The Senate Standing Committee on Information and Broadcasting should be thanked for reminding the political leadership that this country’s problems go far deeper than the issue of corruption that continues to dominate the national political discourse. Last week, the Committee invited veteran lawyer Abid Hassan Minto to brief it on his petition to the Supreme Court of Pakistan seeking dismissal of a Federal Shariat Court (FSC) ruling from 1989 that had declared agricultural land reforms as un-Islamic.
Since provinces regulate matters pertaining to land revenue following 18th constitutional amendment — the Committee rightly urged them to support efforts for a new law to initiate agricultural land reforms, notwithstanding the FSC decision.
One hopes that the provinces will consider the suggestion based on socio-economic merits of land reforms.
There are arguments both pro- and anti- reforms insofar as the latter’s impact on economic growth is concerned. The provincial legislators would do well to invite experts to weigh in on both sets of arguments before reaching a conclusion on the economic impact of proposed reforms.
Regardless, there is considerable empirical evidence from other developing countries where redistribution of agricultural land had been effective in poverty reduction, particularly among disadvantaged groups like women, as well as religious and ethnic minorities.
Reforms may be warranted also in view of the highly skewed pattern of land ownership in the country. The latest agricultural census of Pakistan in 2010 showed that 40 percent of farms in the country were reportedly owned by just four percent of farmers. In contrast, an overwhelming 90 percent of farmers owned less than 44 percent of farms. Calls for land reforms had once been a regular feature of Pakistani political discourse – spearheaded by a motley group of left-of-centre student groups, political parties, peasants and trade union bodies. But lately, socio-economic concerns of the vast majority of the Pakistani population that is connected to the agricultural sector of the economy seem to have disappeared amid power plays among various state institutions in federal and provincial capitals.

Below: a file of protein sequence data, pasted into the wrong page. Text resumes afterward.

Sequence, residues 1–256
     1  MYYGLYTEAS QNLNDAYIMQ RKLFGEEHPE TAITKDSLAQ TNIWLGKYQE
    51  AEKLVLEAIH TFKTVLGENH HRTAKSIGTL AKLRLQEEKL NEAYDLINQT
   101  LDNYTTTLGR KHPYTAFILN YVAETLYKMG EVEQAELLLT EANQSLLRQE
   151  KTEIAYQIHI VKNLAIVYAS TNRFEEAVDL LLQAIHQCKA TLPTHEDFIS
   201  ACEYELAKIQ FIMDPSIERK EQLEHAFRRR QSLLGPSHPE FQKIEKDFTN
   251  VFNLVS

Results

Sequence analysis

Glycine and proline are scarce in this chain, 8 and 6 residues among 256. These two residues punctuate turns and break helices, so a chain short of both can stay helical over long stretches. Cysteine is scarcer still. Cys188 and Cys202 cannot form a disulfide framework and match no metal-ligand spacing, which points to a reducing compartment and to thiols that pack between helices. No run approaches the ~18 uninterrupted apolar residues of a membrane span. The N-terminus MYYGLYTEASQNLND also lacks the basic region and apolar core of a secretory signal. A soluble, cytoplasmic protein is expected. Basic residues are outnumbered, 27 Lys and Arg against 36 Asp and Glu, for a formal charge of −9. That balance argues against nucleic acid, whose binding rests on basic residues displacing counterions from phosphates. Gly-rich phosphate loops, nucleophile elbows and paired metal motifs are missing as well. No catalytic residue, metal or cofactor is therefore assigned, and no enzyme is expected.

Apart from socio-economic arguments that, nonetheless, should have the final say in the debate on land reforms, provincial legislators should also bear in mind that the 1989 FSC judgement was a three-two split. The verdict holding land reforms as un-Islamic was neither unanimous nor should it be seen as defining a religious principle frozen in time. Debate on land reforms from within Islamic jurisprudential tradition is still possible, and in fact some scholars have referred to the need for recognising land as a trust, rather than as a commodity to be owned privately. Seen this way, use of land for agricultural purposes could be dictated by public rather than private interests.
Also noteworthy is the fact that the FSC remains a controversial body insofar as it was constituted in 1980 by a military dictatorship known for its misusing religion for political purposes. That the fate of millions of Pakistani men and women associated with the agricultural sector hinges on a decision of such a body is lamentable. *
Published in Daily Times, June 20th, 2017.